Hello there, writers and commenters on Ann Hornaday’s Washington Post piece criticizing movies about “arrested adolescents” who wind up with out-of-their-league women! It’s so nice of you to notice a genre we’ve been writing about for seven years now. I don’t think any of us were expecting a horrible tragedy like the one at U.C. Santa Barbara to shine a light on our work; nor did we expect quite so much confusion about the last 15 years of what David Denby dubbed the “slacker-striver” genre. When I say “we,” I mean myself and the students in the years of film classes I’ve taught at places like Sacramento State and St. Mary’s College. You just started tweeting about these sorts of films last week. Mind if we clear up one or two misconceptions?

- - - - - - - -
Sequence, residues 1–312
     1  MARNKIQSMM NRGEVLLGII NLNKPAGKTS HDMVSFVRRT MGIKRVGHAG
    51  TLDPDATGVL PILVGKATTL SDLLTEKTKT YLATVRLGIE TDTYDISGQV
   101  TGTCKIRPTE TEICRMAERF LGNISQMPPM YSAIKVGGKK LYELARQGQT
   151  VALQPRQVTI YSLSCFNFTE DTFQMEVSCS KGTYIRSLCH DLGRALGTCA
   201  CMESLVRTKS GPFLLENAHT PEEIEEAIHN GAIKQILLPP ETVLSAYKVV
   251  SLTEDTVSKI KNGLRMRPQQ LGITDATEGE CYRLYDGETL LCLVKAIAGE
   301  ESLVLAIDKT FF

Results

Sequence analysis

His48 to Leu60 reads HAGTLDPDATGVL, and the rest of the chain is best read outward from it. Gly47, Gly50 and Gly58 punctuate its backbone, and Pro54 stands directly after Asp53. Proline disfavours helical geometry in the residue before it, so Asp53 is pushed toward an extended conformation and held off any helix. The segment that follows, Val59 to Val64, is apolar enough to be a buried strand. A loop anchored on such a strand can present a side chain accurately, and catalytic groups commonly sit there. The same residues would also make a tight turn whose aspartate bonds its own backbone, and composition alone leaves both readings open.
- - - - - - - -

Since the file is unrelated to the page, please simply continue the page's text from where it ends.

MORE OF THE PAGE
Let’s start with the facts. Last weekend, an idiot named Elliot Rodger went on a killing spree in the student community next to U.C. Santa Barbara. Perhaps questionably, Washington Post film critic Ann Hornaday used the massacre to reflect on how movies foster an attitude like Rodger’s – movies, she said, like ones made by Judd Apatow and Seth Rogen. In the resulting twitterverse freakout, Rogen and Apatow forcefully condemned Hornaday’s piece. As you can see here, Apatow directed several of his replies to Sasha Stone, perhaps the only American woman to write thoughtfully every day about current cinema. This, Stone does on her own site, where she also was nice enough to publish me this year. Stone is right to remind Apatow that misogyny rules the internet, and many of the kneejerk defenses of Rogen and Apatow were less knee, more jerk. Even the estimable Frank Bruni, writing in today’s New York Times, questioned Hornaday’s “tenuous graft of entertainment-industry shortcomings onto a tragedy irreducible to tidy explanations.” There’s something to that, but I would like to defend Hornaday – and Rogen and Apatow.